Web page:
Brand logos with hidden messages

Logo design is one of the few arts that can be used both to reveal ideas and to hide them at the same time.

Since branding relies on the visual aspect, it may not come as a surprise to hire a team of really great experts who can do the job for you well and spice things up just enough to mousetrap consumers and make them talk.

Big brands manage to do that. Here is a list of 20 big brand logos which have a message hidden in their logo. Can you spot all of them?

(Scroll down to read the key.)

Hidden messages in brand logos


Amazon logo hidden message


Baskin-Robbins logo hidden message


BMW logo hidden message

British Heart Foundation

British Heart Foundation logo hidden message

CiscoCisco logo hidden message


Coca-Cola logo hidden message


FedEx logo hidden message

Formula 1

F1 logo hidden message


Gillette logo hidden message


Goodwill logo hidden message

Jack in the box

Jack in the Box logo hidden message

Le Tour de France

Tour de France logo hidden message


LG logo hidden message

Museum of London

Museum of London logo hidden message


NBC logo hidden message


Pinterest logo hidden message

San Diego Zoo

San Diego Zoo logo hidden message


Sony VAIO logo hidden message


Toblerone logo hidden message


Unilever logo hidden message

Key: where the message is hidden

Amazon – Besides showing a smiley face indicating to customer satisfaction, the arrow below the word ’amazon’ points from A to Z, which is a variety of products that Amazon offers.

Baskin-Robbins – even though the logotype includes the ice cream brand’s initials, the secret lies in the pink number of 31 formed by the two letters, which represents the number of original flavors offered by the company.

BMW – this logo stays true to the company’s aerial history: the white sections represent a rotating propeller, whereas the blue sections represent the sky.

British Heart Foundation – the logo clearly shows a heart in the electrocardiogram reading, but the secret lies in the positive reading which promises hope.

Cisco – since the company is from San Francisco, the blue lines represent Golden Gate bridge, whereas the name itself is short for the city of San Francisco.

Coca-Cola – this logo is the perfect example of a coincidence. When it was used in a marketing campaign in Denmark, people spotted their national flag between the letters O and L, so it came quite handy during the promotion.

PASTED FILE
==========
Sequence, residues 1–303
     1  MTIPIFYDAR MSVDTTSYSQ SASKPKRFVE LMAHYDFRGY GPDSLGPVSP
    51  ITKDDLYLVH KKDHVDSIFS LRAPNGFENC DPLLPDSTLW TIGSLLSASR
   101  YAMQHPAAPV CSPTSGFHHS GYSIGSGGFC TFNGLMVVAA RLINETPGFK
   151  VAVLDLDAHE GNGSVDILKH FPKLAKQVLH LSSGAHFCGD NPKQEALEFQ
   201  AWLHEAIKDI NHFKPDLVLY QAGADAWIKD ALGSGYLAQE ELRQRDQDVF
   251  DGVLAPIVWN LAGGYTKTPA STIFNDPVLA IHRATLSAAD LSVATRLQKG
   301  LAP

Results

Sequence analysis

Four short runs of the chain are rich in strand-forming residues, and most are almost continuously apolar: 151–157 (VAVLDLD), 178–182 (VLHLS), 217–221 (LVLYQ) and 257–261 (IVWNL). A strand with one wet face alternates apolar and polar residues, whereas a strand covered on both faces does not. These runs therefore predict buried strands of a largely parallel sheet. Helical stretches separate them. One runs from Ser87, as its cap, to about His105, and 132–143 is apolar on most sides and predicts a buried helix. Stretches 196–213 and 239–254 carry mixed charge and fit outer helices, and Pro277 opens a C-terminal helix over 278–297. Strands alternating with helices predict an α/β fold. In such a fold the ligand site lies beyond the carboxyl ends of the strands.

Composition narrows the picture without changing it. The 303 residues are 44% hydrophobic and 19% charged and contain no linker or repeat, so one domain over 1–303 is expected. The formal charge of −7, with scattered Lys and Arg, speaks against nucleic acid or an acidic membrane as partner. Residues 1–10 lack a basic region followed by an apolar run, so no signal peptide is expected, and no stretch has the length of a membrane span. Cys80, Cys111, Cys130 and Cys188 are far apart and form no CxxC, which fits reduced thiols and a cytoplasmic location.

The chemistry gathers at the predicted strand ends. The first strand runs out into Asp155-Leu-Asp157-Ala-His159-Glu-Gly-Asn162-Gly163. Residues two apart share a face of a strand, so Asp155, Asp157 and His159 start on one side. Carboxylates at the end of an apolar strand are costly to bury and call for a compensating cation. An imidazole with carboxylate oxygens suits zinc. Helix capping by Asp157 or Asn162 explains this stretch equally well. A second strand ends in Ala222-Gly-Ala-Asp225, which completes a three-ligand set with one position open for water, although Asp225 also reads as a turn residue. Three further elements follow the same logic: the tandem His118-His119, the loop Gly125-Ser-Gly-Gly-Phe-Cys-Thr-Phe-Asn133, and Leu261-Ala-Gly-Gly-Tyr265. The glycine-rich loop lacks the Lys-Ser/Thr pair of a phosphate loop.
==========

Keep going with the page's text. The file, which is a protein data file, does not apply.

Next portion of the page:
FedEx – what many do not see at first in this logo is that the negative space between the letters E and x actually form an arrow, which represents speed and delivery accuracy – the factors this company promotes.

Formula 1 – another great example of good usage of negative space: the number 1 is formed between the black letter F and the red lines which represent speed.

Gillette – razors obviously cut everything perfectly, including Gillette logo whose letters G and L have been cut with precision, representing product sharpness.

Goodwill – the smiley face in Goodwill logo is just an oversized image of the G letter in the logotype.

Jack in the box – letters O and X form an ichthys, a symbol of fish which is an example of what company offers on their menu.

Le Tour de France – the logotype does not only contain letters, but they form a bicycle and a cyclist whose front wheel is actually the sun.

LG – the logo consists of letters L and G forming a face. And not only that. Some even see a Pacman face in it!

Museum of London – unseemingly at a first glance, the colors of the Museum of London actually represent the expansion of the geographical area of the city of London throughout history.

NBC – peacock formed by the six colors and the silhouette of negative space at the center is not there by accident – the NBC actually take pride of what they broadcast so it came quite naturally to use this symbol in their company logo.

Pinterest – the letter P in the logotype is stylized so as to form a pin, which is exactly what this growing network’s users do with the images on their boards.

San Diego Zoo – the logotype has a hidden paw in the word Zoo. Have you noticed it?

Sony VAIO – this one’s a bit tricky. The letters VA in the logotype form an analog signal, whereas the letters IO resemble the numbers 1 and 0, i.e. a digital signal.

Toblerone – there’s a bear hiding in the mountains of Toblerone logo. It symbolizes Bern, the capital of Switzerland which is known as the city of bears, and exactly where the company was founded.

Unilever – the creative logotype of Unilever is made up of the letter U formed by different shapes which symbolize the company’s business, such as a recycle icon (sustainability) and lips for beauty and taste.

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Vesna Savić

Dedicates her time to learning about better means of communication, translating knowledge into practice, and is a passionate reader.